Using filter() method

This method allows you to filter an array and return a new array with only the elements that meet a certain criteria. You can use the filter() method to remove elements from an array based on a certain condition.

const arr = [1, 2, 3, 4];
const filteredArr = arr.filter(number => number % 2 !== 0);

console.log(filteredArr); // [1, 3]

Note that the filter() method does not modify the original array, but creates a new array. If you want to remove the elements from the original array, you can assign the result of filter() back to the original array:

const arr = [1, 2, 3, 4, 5];
arr = arr.filter(element => element !== 3);
console.log(arr); // output: [1, 2, 4, 5]

Using slice() method

This method can be used to extract a portion of an array, and can effectively be used to remove elements from an array. You can use slice() to extract all the elements before or after the element you want to remove, and concatenate them to form a new array without the removed element.

const arr = [1, 2, 3, 4, 5];
const index = 2;
const newArr = arr.slice(0, index).concat(arr.slice(index + 1));
console.log(newArr); // [1, 2, 4, 5]

Using length data property

The length data property of an Array instance represents the number of elements in that array. The value is an unsigned, 32-bit integer that is always numerically greater than the highest index in the array.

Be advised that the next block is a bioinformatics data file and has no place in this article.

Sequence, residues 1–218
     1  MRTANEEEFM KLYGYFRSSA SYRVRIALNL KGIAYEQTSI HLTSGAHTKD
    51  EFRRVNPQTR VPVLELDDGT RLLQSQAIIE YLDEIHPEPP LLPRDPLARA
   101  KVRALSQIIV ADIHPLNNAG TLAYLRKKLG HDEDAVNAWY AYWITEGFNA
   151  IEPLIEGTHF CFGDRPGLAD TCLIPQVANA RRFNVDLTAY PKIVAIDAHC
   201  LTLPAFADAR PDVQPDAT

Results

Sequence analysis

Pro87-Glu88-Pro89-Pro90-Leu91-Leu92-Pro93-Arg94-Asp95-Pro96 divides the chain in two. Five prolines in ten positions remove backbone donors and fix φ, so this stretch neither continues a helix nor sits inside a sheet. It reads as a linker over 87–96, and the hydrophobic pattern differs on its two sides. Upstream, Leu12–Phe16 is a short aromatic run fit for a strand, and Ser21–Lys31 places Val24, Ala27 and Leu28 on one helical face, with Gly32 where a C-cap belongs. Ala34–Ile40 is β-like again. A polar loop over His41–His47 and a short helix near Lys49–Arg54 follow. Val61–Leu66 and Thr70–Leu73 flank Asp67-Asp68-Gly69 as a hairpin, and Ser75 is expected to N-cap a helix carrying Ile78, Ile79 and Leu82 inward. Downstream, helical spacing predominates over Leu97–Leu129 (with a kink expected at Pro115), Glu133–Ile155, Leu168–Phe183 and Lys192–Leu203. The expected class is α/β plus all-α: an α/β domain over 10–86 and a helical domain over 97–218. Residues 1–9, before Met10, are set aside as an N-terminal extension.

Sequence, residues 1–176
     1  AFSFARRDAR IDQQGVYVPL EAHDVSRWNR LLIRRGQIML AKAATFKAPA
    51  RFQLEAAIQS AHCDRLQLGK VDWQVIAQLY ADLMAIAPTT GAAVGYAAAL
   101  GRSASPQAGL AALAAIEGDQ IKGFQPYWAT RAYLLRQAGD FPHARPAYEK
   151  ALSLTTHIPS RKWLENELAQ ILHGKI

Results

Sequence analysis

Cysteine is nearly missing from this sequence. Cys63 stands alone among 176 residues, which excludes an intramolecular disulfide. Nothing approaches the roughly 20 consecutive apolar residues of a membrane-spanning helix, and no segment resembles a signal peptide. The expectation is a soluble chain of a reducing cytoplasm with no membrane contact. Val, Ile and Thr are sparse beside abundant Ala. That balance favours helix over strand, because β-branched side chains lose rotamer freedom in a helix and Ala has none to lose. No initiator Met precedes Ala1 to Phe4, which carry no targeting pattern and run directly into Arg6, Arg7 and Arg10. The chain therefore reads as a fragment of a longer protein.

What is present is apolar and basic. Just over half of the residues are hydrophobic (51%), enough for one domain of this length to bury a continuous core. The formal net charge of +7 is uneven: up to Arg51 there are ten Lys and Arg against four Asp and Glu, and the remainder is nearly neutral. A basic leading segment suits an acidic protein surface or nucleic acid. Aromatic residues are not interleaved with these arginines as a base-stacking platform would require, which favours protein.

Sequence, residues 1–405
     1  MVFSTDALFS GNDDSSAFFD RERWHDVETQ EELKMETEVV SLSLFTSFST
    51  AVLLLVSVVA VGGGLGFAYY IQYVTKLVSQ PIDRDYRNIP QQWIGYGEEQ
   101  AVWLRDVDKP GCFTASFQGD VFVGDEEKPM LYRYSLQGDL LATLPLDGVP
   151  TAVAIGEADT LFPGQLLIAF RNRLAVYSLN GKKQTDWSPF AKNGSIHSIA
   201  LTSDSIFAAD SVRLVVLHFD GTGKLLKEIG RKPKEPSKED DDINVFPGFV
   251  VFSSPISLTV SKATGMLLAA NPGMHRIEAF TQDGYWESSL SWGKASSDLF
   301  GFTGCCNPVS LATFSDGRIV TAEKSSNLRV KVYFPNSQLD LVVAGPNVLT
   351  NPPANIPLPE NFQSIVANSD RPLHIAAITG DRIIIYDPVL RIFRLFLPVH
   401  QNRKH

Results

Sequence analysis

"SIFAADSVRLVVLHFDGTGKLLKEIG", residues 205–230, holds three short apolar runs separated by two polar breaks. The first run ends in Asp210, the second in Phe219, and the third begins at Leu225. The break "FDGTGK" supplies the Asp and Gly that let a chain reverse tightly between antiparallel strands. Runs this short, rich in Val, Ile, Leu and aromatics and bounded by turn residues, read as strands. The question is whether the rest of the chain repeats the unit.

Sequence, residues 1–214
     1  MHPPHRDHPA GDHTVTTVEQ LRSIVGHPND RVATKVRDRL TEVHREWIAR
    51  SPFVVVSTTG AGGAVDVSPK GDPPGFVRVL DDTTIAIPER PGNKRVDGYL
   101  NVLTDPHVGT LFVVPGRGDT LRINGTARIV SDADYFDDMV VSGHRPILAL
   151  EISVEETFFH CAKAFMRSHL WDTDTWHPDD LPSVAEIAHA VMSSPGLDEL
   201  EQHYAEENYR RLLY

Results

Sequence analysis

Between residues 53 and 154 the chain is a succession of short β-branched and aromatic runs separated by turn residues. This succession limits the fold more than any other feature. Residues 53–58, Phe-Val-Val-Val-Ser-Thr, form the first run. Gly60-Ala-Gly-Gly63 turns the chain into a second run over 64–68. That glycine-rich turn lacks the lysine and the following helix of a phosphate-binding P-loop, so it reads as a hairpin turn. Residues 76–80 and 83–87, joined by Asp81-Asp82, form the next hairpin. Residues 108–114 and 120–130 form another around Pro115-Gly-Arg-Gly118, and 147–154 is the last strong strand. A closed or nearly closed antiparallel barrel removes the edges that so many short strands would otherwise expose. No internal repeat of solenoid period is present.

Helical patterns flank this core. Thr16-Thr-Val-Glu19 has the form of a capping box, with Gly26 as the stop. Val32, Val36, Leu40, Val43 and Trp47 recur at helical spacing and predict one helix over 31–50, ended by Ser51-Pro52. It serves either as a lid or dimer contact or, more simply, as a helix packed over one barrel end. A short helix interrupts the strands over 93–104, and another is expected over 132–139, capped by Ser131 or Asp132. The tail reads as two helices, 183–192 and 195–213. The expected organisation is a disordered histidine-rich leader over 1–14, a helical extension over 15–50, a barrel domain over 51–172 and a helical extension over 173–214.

Setting length to a value smaller than the current length truncates the array — elements beyond the new length are deleted.

let arr = [1, 2, 3, 4, 5];
console.log(arr.length); // 5

arr.length = 3; // set the length to 3, removing the last two elements
console.log(arr); // [1, 2, 3]

arr.length = 0; // set the length to 0, removing all elements
console.log(arr); // []

When length is set to a bigger value than the current length, the array is extended by adding empty slots, not actual undefined values. Setting length to an invalid value (e.g. a negative number or a non-integer) throws a RangeError exception.

Using delete operator

The delete operator in JavaScript can be used to remove a property from an object, but it’s not recommended to use it to remove an element from an array. Here’s an example of how to use delete to remove a property from an object:

const obj = {a: 1, b: 2, c: 3};
delete obj.b;
console.log(obj); // output: {a: 1, c: 3}

However, when you use delete to remove an element from an array, the array’s length won’t be updated, and creates a sparse array with an empty slots, which are not the same as slots filled with the value undefined. Here’s an example:

const arr = [1, 2, 3];
delete arr[1];
console.log(arr); // [ 1, <1 empty item>, 3 ]

In some operations, empty slots behave as if they are filled with undefined. But in others (most notably array iteration methods), empty slots are skipped.

Therefore, it’s generally recommended to use the splice() method to remove elements from an array, rather than using the delete operator. The splice() method updates the array’s length and removes the element completely.